OK, my last post was a bit of a Richard Dawkins bash. I make no secret that I personally don’t buy into his Darwinist message but that’s not my issue. It’s the arrogant, fundamentalist nature of his approach. An approach that deliberately stifles debate over important questions about origins and purpose that hacks me off.
There are other populist proponents of evolutionary theory out there who manage to communicate their message without resorting to intellectual fascism; Professor Steven Jones and the late Stephen Jay Gould come to mind.
(that’s the British Professor Steven Jones not the American Professor Steven Jones who released a scientific paper last month that suggested the three WTC towers were taken down by explosives)
History teaches us, quite emphatically, that we can be sure that today’s scientific certainty will be tomorrow’s superstition. And, for the life of me, I’ve seen no evidence that the Theory of Evolution will be any different.
I mention all this because I tried taking a couple of photos of the full Moon last weekend and I got round to thinking about a paper I’d read a few weeks ago.
The Moon is a most excellent and coincidentally useful lump of rock. The moderating effect it has on the Earth’s rotation and the role of tides make a key contribution to life on Earth. Professor Dawkins would dismiss the significance of the Moon as being one of those things. Me, I’m not so sure.
But anyway, the Lunar quirks and coincidences that intrigue me most at the moment are those that apparently have no impact on life on Earth. My two favourite are:
Lunar maria, the large dark basaltic plains visible on the Moon’s surface, are almost entirely restricted to the near-side, visible from Earth. The few maria on the far-side are much smaller, being mostly very large craters. This bias of distribution is thought to have assisted in the tidal locking of the Moon's rotation to its orbit. This results in only one side of the Moon being visible from the Earth. The reason the maria have assisted in tidal locking is that they are denser than much of the rest of the surface and are therefore more strongly attracted towards the Earth by gravity. Over millennia, the Moon's rotation has slowed so that the heaviest side of the Moon with the maria on it faces constantly towards the Earth.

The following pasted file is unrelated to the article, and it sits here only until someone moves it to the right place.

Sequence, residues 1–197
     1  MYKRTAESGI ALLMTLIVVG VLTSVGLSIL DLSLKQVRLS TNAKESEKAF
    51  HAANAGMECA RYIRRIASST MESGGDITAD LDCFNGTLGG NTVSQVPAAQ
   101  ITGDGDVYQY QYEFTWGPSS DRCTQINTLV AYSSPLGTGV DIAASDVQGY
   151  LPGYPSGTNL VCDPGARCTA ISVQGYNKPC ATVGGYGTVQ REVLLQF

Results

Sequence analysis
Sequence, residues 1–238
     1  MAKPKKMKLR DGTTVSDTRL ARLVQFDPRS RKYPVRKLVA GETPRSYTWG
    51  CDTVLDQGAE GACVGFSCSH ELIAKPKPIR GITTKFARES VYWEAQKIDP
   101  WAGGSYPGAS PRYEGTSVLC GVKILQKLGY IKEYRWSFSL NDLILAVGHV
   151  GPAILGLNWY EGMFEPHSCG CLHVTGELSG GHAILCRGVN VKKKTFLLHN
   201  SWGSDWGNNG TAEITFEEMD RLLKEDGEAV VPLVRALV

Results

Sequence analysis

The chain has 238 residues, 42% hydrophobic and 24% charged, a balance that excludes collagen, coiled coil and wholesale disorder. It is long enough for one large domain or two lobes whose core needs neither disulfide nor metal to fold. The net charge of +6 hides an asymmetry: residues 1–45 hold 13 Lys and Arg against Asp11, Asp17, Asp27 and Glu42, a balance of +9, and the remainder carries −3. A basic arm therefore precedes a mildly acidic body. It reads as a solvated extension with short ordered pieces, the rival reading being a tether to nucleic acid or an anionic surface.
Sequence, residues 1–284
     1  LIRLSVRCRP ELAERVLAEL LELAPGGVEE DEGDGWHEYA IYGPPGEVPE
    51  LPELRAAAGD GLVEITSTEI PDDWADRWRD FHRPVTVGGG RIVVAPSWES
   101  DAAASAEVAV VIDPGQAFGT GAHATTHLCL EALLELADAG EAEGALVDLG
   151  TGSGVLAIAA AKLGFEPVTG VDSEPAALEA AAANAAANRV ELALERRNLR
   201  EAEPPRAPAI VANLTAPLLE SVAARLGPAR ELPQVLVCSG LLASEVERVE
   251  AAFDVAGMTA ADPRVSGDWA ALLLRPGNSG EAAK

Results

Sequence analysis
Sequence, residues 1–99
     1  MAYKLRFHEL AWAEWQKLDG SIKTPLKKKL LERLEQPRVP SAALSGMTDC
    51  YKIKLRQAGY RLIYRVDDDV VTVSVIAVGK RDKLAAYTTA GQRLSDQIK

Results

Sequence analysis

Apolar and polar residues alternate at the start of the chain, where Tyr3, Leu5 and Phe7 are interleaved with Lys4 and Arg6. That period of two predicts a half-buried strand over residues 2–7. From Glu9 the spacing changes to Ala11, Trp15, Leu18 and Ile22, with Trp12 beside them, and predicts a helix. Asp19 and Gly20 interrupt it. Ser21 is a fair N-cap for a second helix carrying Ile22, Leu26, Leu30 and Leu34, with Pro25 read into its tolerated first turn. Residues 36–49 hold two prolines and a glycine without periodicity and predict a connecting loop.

Now the phase locking explanation is all very well and good but it doesn’t do anything to explain why one side of the Moon was splattered so badly in the first place. Given that the Moon is rotating, dismissing the skewed distribution of Lunar maria as being one of those things doesn’t really cut it.
My second favourite Lunar coincidence is the fact that the Moon and the Sun appear to be exactly the same size in the sky...
What’s that all about? This coincidence isn’t fixed in time. The distance between the Earth and the Moon is changing gradually. Near perfect Solar eclipses have only a limited run which coincides neatly with our own existence.
Once again, Dawkins fans would dismiss this coincidence as being one of those things. Proponents of Intelligent Design, at first sight, would seem to be stuck for an explanation. What Earthly point is there to designing Solar eclipses into the grand scheme of things?
Which gets me back to the paper I was thinking about. Guillermo Gonzalez, a US based astronomy professor has put forward the idea that we are part of a designed system that is designed for habitability and observability. In this kind of designed Universe the Solar eclipse coincidence makes perfect sense as its existence allows us to make all sorts of scientific observations which we would otherwise be unable to perform.
This is an absolutely fantastic hypothesis and it promises to drive Dawkins-esque types mental. Sure, it’s a bugger to prove experimentally and so cannot honestly be considered a theory but, if we’re being honest here, nor can Evolution (if anyone knows of an experiment that validates the Theory of Evolution I’d love to hear about it).
I’m particularly tickled by Gonzalez’ hypothesis because it turns the discredited notion of Mankind being at the Centre of Creation, an idea once supposedly as ‘certain’ as Evolutionary Theory, completely on its head...
We are not located at the centre of the Universe because it’s a really crap place to be, both in terms of habitability and for the scope it offers us to observe the Universe.
If you’re interested in this kind of material I recommend reading through Gonzalez’ stuff. Some of it is quite dry and academic but some of it is really amusing, particularly when you think about the potential implications if any of it is true.
Of course, Richard Dawkins and most of his fans wouldn’t bother reading material like that. They know he’s right.